Enjoy a large array of finger food at Bar None, a local pub. The menu doesn't include any low-fat items, so set aside some extra calories for your visit. Unwind with a glass of wine or cocktail with your meal — Bar None has a wonderful selection of drinks to accompany your dinner. Unwind on a budget, and enjoy happy hour's low-cost beers and simple eats. If you have a large group out celebrating a birthday, anniversary, or other milestone, Bar None is a great pick for large parties with its spacious layout. Get down with a live DJ while dining and have some fun on the restaurant dance floor. Loud is an understatement when it comes to the decibel levels at this restaurant, so it's best to save conversation for another location. It tends to get especially busy on weekends, so be sure to call ahead and make a reservation. Keep it casual at Bar None — the restaurant is laid-back and patrons dress accordingly. Bar None patrons can find street parking at the 3rd Ave location. If you're too tired to drive, public transportation will also suffice; right around the corner are stops at 3 Ave. (L), 14 St. - Union Sq (4, 5, 6, 6X), and Union Sq - 14 St. (L). Menu items at Bar None tend to be mid-priced, so expect to plop down about $30 per person to dine here. Major credit cards — including Visa, Mastercard, Discover, and American Express — are accepted.
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    98 3rd Ave
    New York, NY US
  • Brother Jimmy's BBQ
    Chow down on ribs, slaw and more at Brother Jimmy's BBQ, a down-home barbecue joint in New York. Low-fat eaters will need to take care, however, since the menu does not feature any skimmed down fare. Never miss a play with TVs broadcasting the biggest games in the bar area. Brother Jimmy's BBQ is kid-friendly, so little ones are welcome to tag along. Big family? Tons of friends? Bring 'em all to Brother Jimmy's BBQ — the bar has an awesome layout for large parties and groups. For a low cost, you can connect through the bar's wifi. Be sure to check out Brother Jimmy's BBQ's outdoor seating when the climate is right. The bar's noise level can be somewhat straining on the vocal cords, so intimate get-togethers may be best enjoyed elsewhere. People tend to swarm the bar on Fridays and Saturdays, so be sure to reserve space for your party ahead of time. It doesn't get much more laid-back than Brother Jimmy's BBQ, so dress for comfort when you come. Throwing a big party? Count on Brother Jimmy's BBQ to provide top-notch catering with the same great dishes you love. Parking spaces are available curbside near the bar. Hop on public transit if driving's not your speed; accessible stops include 79 St. (1, 2), 86 St. (1, 2), and 81 St. - Museum Of Natural History (A, B, C). Dining at Brother Jimmy's BBQ will set you back about $30 per person on average.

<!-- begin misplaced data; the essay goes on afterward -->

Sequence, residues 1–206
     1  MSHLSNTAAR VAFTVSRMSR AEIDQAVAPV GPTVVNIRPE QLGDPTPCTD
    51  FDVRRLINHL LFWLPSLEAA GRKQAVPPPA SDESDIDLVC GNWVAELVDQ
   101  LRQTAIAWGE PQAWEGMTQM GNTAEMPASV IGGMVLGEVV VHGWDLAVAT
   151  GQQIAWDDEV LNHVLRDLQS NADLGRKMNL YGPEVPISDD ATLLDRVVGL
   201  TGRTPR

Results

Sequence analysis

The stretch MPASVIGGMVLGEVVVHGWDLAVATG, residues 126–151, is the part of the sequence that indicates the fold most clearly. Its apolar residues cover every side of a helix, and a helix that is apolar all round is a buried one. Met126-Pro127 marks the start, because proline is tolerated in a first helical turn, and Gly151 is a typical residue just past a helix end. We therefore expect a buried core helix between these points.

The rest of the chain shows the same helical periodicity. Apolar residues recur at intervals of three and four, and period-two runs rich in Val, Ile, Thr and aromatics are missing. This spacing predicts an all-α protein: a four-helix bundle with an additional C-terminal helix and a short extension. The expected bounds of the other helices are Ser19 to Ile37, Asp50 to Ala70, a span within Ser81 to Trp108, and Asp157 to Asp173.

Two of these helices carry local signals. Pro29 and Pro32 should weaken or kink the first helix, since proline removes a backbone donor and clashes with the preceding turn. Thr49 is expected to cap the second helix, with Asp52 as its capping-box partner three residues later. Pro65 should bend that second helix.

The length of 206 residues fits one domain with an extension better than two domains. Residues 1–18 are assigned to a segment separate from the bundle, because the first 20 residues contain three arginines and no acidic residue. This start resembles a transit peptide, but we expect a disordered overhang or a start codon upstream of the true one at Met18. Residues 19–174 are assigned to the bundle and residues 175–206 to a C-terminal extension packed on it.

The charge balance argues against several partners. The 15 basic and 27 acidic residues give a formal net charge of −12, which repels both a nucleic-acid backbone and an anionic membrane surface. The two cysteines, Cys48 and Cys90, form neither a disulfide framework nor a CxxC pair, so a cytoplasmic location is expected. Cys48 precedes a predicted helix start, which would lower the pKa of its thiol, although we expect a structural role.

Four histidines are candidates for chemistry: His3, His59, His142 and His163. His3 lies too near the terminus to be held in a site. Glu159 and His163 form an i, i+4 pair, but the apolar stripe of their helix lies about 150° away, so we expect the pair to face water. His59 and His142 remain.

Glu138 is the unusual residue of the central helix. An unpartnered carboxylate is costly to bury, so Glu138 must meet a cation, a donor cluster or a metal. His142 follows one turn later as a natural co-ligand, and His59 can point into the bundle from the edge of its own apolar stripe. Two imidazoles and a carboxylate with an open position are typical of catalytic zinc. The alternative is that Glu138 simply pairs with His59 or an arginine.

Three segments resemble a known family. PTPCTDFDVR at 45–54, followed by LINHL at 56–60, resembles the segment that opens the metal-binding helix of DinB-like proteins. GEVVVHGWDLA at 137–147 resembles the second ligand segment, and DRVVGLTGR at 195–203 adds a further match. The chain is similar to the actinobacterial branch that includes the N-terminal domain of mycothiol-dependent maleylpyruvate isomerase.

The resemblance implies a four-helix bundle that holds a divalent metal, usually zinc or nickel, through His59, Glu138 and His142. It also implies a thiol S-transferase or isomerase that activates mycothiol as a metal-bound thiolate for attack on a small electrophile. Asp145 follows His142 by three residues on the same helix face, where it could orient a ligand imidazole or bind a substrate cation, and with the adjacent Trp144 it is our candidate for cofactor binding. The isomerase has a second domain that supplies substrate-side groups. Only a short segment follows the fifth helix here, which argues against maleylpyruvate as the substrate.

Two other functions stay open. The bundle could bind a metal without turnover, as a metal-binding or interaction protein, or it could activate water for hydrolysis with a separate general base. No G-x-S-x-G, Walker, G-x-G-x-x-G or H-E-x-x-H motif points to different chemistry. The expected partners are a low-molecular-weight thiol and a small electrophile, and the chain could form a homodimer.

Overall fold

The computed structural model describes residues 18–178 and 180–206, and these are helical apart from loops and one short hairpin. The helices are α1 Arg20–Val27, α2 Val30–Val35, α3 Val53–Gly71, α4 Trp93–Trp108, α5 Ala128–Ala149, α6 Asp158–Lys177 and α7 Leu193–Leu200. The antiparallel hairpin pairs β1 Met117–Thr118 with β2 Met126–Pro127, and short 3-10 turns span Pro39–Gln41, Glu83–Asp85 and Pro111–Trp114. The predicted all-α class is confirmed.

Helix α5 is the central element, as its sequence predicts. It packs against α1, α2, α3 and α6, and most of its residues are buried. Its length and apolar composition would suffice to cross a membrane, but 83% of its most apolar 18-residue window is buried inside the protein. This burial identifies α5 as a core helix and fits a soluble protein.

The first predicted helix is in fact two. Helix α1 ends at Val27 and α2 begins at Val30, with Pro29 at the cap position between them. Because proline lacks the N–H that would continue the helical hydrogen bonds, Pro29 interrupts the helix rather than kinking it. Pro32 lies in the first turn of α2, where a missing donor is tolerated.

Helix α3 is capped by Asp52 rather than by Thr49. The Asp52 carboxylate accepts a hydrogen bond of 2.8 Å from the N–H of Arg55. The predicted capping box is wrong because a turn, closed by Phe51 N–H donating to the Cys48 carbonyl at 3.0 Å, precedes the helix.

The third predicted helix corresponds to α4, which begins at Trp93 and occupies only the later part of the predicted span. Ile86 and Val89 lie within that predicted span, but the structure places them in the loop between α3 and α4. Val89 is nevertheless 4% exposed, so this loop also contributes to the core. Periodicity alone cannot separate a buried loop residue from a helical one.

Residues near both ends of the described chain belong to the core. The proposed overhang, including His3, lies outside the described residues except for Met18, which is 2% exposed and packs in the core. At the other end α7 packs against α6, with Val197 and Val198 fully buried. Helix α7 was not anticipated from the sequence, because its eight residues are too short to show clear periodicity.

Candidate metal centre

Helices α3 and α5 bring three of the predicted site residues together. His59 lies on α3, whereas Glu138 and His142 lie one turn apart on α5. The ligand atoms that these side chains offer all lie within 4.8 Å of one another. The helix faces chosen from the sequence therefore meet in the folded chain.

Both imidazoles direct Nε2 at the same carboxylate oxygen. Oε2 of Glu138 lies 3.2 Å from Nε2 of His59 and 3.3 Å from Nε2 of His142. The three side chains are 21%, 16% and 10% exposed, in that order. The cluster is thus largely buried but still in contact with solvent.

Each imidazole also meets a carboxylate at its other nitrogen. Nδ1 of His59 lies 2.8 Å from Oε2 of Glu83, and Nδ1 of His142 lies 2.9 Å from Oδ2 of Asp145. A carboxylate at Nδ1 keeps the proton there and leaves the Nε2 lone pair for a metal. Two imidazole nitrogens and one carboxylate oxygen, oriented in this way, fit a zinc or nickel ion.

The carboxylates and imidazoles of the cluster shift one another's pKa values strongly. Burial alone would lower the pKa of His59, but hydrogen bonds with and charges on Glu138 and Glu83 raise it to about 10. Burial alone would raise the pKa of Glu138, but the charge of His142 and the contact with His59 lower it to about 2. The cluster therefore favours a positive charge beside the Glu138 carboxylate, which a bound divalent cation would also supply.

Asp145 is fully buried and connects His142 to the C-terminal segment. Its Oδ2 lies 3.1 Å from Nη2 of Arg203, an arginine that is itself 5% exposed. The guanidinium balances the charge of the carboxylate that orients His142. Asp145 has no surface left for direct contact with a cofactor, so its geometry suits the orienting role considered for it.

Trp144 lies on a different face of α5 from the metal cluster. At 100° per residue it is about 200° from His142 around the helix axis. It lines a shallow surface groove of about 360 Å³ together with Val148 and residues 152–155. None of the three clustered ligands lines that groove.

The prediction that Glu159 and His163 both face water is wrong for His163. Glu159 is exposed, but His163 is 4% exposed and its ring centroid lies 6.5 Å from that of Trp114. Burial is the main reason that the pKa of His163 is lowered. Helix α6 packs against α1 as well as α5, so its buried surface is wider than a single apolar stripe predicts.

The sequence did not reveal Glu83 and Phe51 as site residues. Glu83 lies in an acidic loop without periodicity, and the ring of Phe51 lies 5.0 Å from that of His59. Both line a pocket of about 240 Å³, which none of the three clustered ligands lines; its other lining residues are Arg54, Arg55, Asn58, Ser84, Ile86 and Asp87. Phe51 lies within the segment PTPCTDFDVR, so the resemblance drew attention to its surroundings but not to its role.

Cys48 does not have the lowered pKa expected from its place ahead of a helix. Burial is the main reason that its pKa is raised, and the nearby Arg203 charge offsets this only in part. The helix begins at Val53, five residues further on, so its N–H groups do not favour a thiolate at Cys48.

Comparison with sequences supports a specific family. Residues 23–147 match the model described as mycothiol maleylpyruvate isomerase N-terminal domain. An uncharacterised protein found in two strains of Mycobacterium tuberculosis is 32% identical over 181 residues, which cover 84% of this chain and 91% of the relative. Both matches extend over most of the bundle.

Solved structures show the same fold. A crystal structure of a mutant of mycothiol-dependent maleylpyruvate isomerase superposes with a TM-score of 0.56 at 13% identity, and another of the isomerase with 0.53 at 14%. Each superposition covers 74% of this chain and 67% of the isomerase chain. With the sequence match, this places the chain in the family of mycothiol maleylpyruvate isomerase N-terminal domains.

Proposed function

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    428 Amsterdam Ave
    New York, NY US
  • McSorley's Old Ale House
    In 1854, just three years after he landed in New York, Irishman John McSorley opened a blue-collar saloon that served ale along with cheese and crackers. He probably never foresaw the legends who would walk through the swinging front doors, or that his saloon would become a landmark associated with literature, art, music, and even civil rights. In the more than 150-year history of McSorley’s Old Ale House, its sawdust-strewn floors were tread on by figures such as Abraham Lincoln, John Lennon, and Woody Guthrie. e.e. cummings visited and wrote the poem “i was sitting in mcsorley’s”, and artist John French Sloan created several paintings depicting the saloon. Even a play inspired by McSorley’s ran on Broadway for more than 100 performances. Two attorneys led a suit to allow women into the ale house, taking the case all the way to the Supreme Court. And amid this flurry of activity, the saloon survived multiple changes to the brewer of its McSorley’s Cream Stock Ale, including during Prohibition when Bill McSorley had to set up a brewery in the basement. Though ownership has changed three times, each owner has honored the original spirit of McSorley’s. This remains true today as the Maher family continues to run the place as a true ale house. Behind the bar still looms the words of John McSorley embossed on a hardwood cabinet: “Be good or be gone.”
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    15 East 7th Street
    New York, NY US